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August 20th, 2009
09:37 PM ET

Live Blog from the Anchor Desk 8/20/09

We have new information tonight about an alleged struggle within the Bush administration just days before the 2004 presidential election. According to Former Secretary of Homeland Security Tom Ridge, senior officials including former Attorney General John Ashcroft and former Secretary of Defense Donald Rumsfeld, pushed to raise the terror threat level to orange after Osama Bin Laden released an audiotape critical of then President George W. Bush.

And victims' family members and advocates are grieving today as the only man convicted in the 1988 bombing of Pan Am Flight 103 over Lockerbie, Scotland - which killed 270 people - was released on humanitarian grounds Thursday from a British prison. We speak to one man whose brother was killed in the attack.

Want to know what else we're covering? Read EVENING BUZZ

Scroll down to join the live chat during the program. It's your chance to share your thoughts on tonight's headlines. Keep in mind, you have a better chance of having your comment get past our moderators if you follow our rules.

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Filed under: Live Blog • T1
August 20th, 2009
08:54 PM ET

Flynn: "Don't dishonor Lockerbie victims"

Program Note: Tonight we'll be covering the release of the only man convicted in the 1988 bombing of Pan Am Flight 103 over Lockerbie, Scotland. He was freed from prison and sent home to Libya on "compassionate grounds." Brian Flynn, whose brother was killed in the attack, will be on tonight. 10 p.m. ET.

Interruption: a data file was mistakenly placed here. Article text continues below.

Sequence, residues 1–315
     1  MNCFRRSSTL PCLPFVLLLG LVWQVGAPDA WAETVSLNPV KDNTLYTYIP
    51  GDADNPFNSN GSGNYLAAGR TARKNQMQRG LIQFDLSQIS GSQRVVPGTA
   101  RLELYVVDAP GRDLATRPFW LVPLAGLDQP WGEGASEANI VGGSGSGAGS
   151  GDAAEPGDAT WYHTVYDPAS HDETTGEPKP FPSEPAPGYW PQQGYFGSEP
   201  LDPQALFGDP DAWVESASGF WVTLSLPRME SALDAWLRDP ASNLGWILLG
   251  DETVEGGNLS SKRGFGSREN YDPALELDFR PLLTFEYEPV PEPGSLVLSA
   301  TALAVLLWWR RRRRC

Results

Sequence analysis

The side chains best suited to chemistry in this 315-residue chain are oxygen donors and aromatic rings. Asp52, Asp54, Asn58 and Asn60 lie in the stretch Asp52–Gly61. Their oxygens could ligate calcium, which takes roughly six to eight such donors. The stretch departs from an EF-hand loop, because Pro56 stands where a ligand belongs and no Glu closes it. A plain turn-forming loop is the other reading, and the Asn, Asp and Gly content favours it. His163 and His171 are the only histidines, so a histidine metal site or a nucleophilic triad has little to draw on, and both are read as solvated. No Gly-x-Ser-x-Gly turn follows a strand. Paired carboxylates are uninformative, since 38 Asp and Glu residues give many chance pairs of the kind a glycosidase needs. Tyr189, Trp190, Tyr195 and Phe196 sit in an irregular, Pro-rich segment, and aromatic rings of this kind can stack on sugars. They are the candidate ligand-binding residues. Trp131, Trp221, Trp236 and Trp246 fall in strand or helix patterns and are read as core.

Abdelbeset Ali Mohmed al Megrahi, 57, boards a plane after his release from prison.

Abdelbeset Ali Mohmed al Megrahi, 57, boards a plane after his release from prison.

Brian Flynn
For The Guardian

Imagine if one of the September 11 hijackers had lived, that he was fairly tried, convicted and sentenced to a lengthy jail term. Then, after just a few years, under an agreement with the Afghan government, we sent him back to serve out his term with the Taliban under Osama bin Laden.

Although it seems almost impossible, a painfully similar scenario is playing out in the Scotland. Abdelbaset al-Megrahi – the terrorist convicted in the Lockerbie bombing – may soon be released by the Scottish government and handed over to Libya, the very government that plotted this cowardly mass murder.

The evidence against Megrahi is overwhelming and has withstood more than two fervent appeals. He was a member of Libyan intelligence travelling under a false passport to Malta on the day of the bombing, and lied about it more than once. Any rational person reviewing the evidence would conclude that Megrahi is guilty. Even more damning, the court's conviction clearly stated that Megrahi committed the murder for "furtherance of Libyan intelligence". There has been no regime change or democratic revolution. And yet the Scottish government is eager to return this murderer to his dictator – Muammar Gaddafi – a man who has gone on the record as hating all things western.

Read More...

August 20th, 2009
08:51 PM ET

The Evening Buzz: Terrorist Welcome Home

Al Megrahi, now 57, is suffering from terminal prostate cancer.

Al Megrahi, now 57, is suffering from terminal prostate cancer.

Charly Feldman
AC360° Intern